Similarly, those with undeveloped spiritual consciousness think that the holy name is just like any ordinary sound. But when they chant the holy names themselves and experience profound peace and immense joy, they understand that the holy name is different from any ordinary sounds. For no ordinary material sound can bring such joy, just as no ordinary paper can purchase five hundred chocolates.
God, out of His unlimited love for us, makes Himself easily available to us in a portable form that we can literally carry on the tip of our tongue. Srila Prabhupada would say that when we chant the holy name, the Lord dances on our tongues.
Not only can chanting make a huge difference in our own lives, it can make a significant difference in the world too. There are a significant number of criminals,
Addicts, and others habituated to self-destructive behavior who want to become better human beings but don’t know how to change themselves. If they could be taught to chant, they would be able to overcome their lower natures and become better human beings, and thus help make our world a much better place.
Question: Chanting the holy names of God like the Hare Krishna maha-mantra involves doing the same activity repeatedly. Isn’t that boring?
Answer: No. Let’s understand why.
Most people’s daily life is boring. In fact, people often watch TV not because the TV programs are so interesting but because their daily lives are so boring. Why does life seem boring to us? Because we are intrinsically spiritual beings and our most essential need is love. The experience of loving and being loved is the ultimate foundation of all happiness. To the extent love is absent in an activity or a relationship, to that extent it becomes either boring or a burden. Even if we somehow invest love into what we’re doing, there is often a lack of adequate reciprocation, and that disappoints us. That’s why we continuously try out new things: new video games, new gadgets, new clothes, new cars, new houses, new foods, new jobs even new spouses. Though all these new concoctions disappoint us eventually, we are addicted to the intoxicating pleasure offered by their novelty. Due to our addiction to newness we assume that doing something repeatedly, like chanting, will be boring.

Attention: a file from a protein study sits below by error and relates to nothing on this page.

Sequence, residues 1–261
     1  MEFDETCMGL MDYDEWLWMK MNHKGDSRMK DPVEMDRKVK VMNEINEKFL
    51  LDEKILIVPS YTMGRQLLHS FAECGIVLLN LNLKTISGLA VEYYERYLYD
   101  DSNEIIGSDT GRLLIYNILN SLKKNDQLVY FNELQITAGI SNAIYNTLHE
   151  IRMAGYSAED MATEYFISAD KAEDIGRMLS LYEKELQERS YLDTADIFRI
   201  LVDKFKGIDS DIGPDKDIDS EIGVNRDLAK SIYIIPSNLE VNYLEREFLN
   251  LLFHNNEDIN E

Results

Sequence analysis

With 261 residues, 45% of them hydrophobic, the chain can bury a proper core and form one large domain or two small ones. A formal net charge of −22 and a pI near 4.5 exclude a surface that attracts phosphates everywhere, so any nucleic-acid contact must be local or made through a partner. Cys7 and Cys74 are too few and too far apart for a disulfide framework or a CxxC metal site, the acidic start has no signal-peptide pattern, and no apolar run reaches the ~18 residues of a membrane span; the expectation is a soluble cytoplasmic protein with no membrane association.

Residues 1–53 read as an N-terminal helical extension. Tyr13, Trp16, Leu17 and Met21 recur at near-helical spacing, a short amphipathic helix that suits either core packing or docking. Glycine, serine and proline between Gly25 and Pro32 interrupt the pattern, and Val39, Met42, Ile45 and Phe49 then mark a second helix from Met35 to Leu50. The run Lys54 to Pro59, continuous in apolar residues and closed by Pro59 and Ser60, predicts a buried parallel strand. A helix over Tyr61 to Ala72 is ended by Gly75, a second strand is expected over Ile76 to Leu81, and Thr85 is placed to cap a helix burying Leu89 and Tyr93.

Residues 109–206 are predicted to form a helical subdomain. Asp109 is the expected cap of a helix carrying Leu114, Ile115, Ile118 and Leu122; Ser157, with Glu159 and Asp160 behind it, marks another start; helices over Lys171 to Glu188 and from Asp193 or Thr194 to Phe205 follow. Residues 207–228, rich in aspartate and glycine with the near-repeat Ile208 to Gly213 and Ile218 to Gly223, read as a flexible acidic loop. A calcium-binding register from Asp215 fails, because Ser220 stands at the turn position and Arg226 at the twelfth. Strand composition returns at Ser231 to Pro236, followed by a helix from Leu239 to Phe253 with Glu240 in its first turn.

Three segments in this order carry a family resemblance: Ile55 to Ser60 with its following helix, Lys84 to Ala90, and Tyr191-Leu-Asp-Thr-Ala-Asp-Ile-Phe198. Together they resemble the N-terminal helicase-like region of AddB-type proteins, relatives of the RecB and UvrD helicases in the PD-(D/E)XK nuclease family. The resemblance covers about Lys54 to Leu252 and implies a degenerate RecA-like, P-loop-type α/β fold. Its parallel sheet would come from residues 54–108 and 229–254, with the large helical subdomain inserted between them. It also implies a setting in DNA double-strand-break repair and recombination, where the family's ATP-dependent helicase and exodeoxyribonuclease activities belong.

But this assumption overlooks something essential: love.
A mother offers her breastmilk to her baby hundreds of times. Does she find it boring? Obviously not at least not when the mother loves the baby. When the mother offers her love through her milk, the more the activity is repeated, the deeper her love becomes and the greater her fulfillment.
Similarly, when we chant the holy names of God, do we find chanting boring? Certainly not at least not if we chant lovingly. When we offer our love to Krishna by chanting His holy names, He reciprocates by flooding our hearts with His unlimited oceanic love. So every instance of chanting takes us deeper into that delightful ocean of divine nectar and thus the more we chant lovingly, the more we find chanting relishable.
The mother-baby analogy illustrates how a repetitive activity doesn’t have to be boring. But, like all analogies, it has limitations. By chanting, we don’t nourish God; he nourishes us with His supreme love. Also, intensity of the mother-baby relationship dwindles as the baby grows up and needs other food, and as the breast-milk stops. The intensity of the soul-God relationship, on the other hand, becomes ever-increasingly intense as our devotion for God deepens.
In fact, when we develop a taste for the divine love that becomes accessible by chanting, we can find inner delight in all situations including deadly boring situations. Then we realize that chanting leads not to boredom but to freedom from all boredom.
Caitanya Carana Dasa holds a degree in electronics and telecommunications engineering and serves full-time at ISKCON Pune. To subscribe to his free cyber magazine, visit thespiritualscientist.com